Flood risk plans to be approved
Published on 27 February 2015
A FAR-reaching series of plans to manage the future risk from flooding in Leicester are set to be approved.
Leicester City Council is the designated Lead Local Flood Authority (LLFA) for the city, and has been involved in drawing up plans to manage local flood risks and identify future problem areas.
A public consultation took place in 2014, giving people a chance to contribute to the overall plans.
Now that work has been brought together to create Leicester’s Local Flood Risk Management Strategy, which sets out the city’s action plan to reduce and manage the risk of flooding.
Leicester is regarded by the Environment Agency as one of 10 areas in England where surface water flooding risk is of national significance.
The 16-page document explains the council’s responsibilities in dealing with flooding emergencies, the types of flooding, and current flood management plans.
It also explains the strategy’s goals and how they will be practically put into action.
Ongoing works as part of the strategy include rainfall measurements, maintaining and improving gullies, and applying for funding for future watercourse works.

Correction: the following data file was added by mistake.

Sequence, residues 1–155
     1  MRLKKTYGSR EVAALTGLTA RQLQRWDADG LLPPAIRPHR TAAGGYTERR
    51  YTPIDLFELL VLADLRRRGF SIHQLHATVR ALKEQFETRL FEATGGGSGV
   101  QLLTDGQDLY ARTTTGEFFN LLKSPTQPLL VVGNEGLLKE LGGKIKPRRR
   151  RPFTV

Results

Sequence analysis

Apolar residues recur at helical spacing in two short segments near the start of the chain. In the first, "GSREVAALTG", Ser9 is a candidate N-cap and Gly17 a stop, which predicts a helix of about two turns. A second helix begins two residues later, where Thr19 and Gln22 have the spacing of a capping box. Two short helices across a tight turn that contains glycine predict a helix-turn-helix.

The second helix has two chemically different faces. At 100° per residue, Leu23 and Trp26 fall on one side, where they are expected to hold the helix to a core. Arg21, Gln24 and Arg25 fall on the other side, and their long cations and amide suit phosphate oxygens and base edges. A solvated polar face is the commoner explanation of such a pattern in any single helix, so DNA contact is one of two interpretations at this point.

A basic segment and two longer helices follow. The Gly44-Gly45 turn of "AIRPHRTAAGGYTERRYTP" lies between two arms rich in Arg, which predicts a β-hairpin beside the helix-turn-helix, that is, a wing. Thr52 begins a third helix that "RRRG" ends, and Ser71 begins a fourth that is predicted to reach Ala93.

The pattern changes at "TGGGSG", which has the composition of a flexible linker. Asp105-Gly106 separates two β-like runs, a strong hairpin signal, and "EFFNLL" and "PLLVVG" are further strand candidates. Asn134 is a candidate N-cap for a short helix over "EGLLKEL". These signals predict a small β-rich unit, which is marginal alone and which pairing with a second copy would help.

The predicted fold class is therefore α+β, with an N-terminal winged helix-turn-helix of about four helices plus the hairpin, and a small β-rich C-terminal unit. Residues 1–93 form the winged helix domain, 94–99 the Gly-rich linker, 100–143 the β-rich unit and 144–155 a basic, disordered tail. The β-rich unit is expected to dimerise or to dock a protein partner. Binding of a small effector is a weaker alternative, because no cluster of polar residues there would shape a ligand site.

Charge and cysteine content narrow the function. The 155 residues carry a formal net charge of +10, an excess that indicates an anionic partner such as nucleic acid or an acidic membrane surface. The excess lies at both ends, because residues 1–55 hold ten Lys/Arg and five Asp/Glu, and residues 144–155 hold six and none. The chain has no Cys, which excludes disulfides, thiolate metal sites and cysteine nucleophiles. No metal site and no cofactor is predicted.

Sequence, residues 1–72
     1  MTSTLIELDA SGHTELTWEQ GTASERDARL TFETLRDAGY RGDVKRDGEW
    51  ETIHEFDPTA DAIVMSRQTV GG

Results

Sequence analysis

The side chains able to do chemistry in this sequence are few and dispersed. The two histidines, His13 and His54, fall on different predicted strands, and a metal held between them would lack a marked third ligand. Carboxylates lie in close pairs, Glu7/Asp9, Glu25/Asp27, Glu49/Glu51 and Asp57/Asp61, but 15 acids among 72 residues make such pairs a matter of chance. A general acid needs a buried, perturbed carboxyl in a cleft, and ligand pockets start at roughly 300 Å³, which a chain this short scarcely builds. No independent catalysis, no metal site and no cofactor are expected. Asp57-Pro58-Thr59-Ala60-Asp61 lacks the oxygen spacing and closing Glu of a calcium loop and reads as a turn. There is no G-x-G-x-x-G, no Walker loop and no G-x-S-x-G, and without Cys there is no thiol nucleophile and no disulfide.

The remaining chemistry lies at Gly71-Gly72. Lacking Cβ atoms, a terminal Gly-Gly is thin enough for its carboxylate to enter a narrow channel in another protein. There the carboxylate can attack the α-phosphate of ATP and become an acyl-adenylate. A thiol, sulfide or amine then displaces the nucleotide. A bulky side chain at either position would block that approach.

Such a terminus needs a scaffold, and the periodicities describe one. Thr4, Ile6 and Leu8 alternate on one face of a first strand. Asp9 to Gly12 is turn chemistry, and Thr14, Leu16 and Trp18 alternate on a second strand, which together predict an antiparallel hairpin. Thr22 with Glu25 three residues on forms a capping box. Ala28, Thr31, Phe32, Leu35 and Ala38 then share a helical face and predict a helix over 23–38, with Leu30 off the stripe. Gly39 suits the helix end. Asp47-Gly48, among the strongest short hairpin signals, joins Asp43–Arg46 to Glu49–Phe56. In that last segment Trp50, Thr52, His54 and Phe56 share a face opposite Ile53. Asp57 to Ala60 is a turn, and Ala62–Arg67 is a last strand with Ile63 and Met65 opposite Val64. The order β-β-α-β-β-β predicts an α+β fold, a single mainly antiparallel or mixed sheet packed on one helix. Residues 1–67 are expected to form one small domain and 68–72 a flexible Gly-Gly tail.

The strategy reflects the close working relationship between the city council, the Environment Agency and other key partners which has already helped secure up to £32m worth of Defra funding to deliver flood defence improvements on the River Soar and other major watercourses in the city.
Longer-term plans include improved flood defence schemes on rivers and brooks, further modeling of flood risk on other local watercourses, and including the flood risk management strategy in all future planning and development activities.
City Mayor Peter Soulsby said: "A huge amount of work has gone into drawing up this action plan which both lays out the flood-alleviation work which we already do, and shows how that will developed further over the coming years.
"Flooding has been identified as one of the main risks to the city caused by climate change, and our job with these flood risk plans is to make sure the city can cope with the challenges this will cause.
"The action plan sets out the short, medium and long-term projects which will help reduce flood risk to communities across the city.
"Our partnership with the Environment Agency has also given us the chance to make a range of improvements to help both the natural environment and to look at economic regeneration opportunities in the city.
"These include improving accessibility to the river with better cycle and pedestrian routes, creating better green spaces and helping biodiversity, as well as collaborating on community work to raise awareness of flood risk and the steps people can take to protect themselves."
The formal decision on the plan is due to be made on March 9.